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A major component in your home’s electrical system is the main electrical feed coming into the panel board. Between the utility wires and the panel board is the electric meter which is typically installed in a separate meter box, but sometimes they are installed in a panel board with a separate space for the meter. Meter boxes, also known as meter sockets, are often installed outside and mounted on the side of the home.
Published by Daniel Snyder 65 months ago in Electrical Systems & Lighting | +0 votes | 0 comments
Performing your own electrical repairs is satisfying, cost effective, and saves time. However working with household current puts you within reach of a lethal dose of electricity. According to a government report, about one person dies every week in a construction-related electrical accident. Before you attempt any type of electrical repair or installation, make sure that the power is off and label the circuit breaker so that no one inadvertently turns it on while you are working. Here are a few...
Published by Daniel Snyder 69 months ago in Electrical Systems & Lighting | +0 votes | 0 comments
Many people have switched to using compact fluorescent (CFL) lightbulbs to reduce energy usage, but the technology is still in its infancy and there have only been a few long-term studies conducted. One of the most recent studies comes from Stony Brook and New York State Stem Cell Science which suggests CFLs might cause damage to skin by releasing UV rays. Based on the research, scientists concluded that CFL lightbulbs can be harmful to healthy skin cells.
Published by Daniel Snyder 70 months ago in Electrical Systems & Lighting | +0 votes | 0 comments
How to take a plain old light switch cover and turn it into a decorator plate cove to match the interior theme of a room or to match the decor. Sharpies have so many colors available now and you can take a basic light switch cover and turn it into a little piece of art in your room quite simply.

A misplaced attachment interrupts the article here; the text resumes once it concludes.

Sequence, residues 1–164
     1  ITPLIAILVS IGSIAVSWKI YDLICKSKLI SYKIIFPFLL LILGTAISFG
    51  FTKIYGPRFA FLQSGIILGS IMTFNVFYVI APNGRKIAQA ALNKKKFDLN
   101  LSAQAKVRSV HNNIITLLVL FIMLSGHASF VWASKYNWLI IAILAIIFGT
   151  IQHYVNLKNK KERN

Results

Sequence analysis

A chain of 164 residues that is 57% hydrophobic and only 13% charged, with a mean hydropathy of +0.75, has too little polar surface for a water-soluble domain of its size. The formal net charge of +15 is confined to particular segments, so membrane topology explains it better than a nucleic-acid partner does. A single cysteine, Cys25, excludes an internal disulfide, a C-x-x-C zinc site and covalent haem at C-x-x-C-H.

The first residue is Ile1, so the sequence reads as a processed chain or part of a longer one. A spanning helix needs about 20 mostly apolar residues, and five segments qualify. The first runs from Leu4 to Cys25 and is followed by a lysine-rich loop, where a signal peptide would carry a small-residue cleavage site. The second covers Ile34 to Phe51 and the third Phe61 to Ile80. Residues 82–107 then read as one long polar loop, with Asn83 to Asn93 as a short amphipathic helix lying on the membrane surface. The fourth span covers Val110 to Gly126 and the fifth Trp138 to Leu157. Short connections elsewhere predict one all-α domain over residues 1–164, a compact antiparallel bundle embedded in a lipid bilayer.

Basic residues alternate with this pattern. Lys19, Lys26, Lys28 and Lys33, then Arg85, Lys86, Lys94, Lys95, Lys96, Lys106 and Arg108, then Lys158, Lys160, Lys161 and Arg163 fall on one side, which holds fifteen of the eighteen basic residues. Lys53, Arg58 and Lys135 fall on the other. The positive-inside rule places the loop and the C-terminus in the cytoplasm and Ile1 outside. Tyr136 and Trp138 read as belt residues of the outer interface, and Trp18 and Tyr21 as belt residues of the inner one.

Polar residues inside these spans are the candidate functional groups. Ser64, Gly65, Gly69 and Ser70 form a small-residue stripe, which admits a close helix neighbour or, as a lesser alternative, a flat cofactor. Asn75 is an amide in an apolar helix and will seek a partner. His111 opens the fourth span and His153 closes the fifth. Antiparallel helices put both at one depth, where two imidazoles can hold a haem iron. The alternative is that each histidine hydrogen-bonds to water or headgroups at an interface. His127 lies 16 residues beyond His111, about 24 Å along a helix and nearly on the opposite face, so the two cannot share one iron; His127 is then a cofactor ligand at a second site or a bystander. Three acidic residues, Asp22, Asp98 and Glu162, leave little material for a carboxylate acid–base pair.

Published by Jaz 73 months ago in Electrical Systems & Lighting | +0 votes | 0 comments
The high-voltage section of a commercial or domestic microwave oven consists of four basic components—the high-voltage oil-filled capacitor, the high-voltage rectifier, silicon diode, the high-voltage filament transformer, and the magnetron tube. The high-voltage section of the microwave oven is the section that fails most often so we should begin our troubling with the high-voltage components.
Published by Jerry Walch 74 months ago in Electrical Systems & Lighting | +0 votes | 0 comments
Of all the appliance found in the average home, the microwave oven is the dangerous for the DIY electrician to troubleshoot and repair. The magnetron, the power source for the microwave oven operates at extreme high voltage, 4,000 to 5,000 volts DC is not uncommon. Even with the appliance unplugged from the wall receptacle, this deadly high-voltage may still be present on the high-voltage, oil-filled filter capacitor if the bleeder resistor has become defective or has not had time to drain off t...
Published by Jerry Walch 74 months ago in Electrical Systems & Lighting | +0 votes | 0 comments
The Ohm's Law was named after the German physicist, Georg Ohm who first introduced the formula in 1827. In its most basic form the Ohms Law states that a current flowing in a circuit is directly proportional to the circuits voltage and varies inversely with the circuits resistance. In other words, double the voltage while keeping the resistance the same and the current will be doubled. On the other hand, double the resistance while keeping the voltage the same and the current will be reduced by ...
Published by Jerry Walch 74 months ago in Electrical Systems & Lighting | +0 votes | 0 comments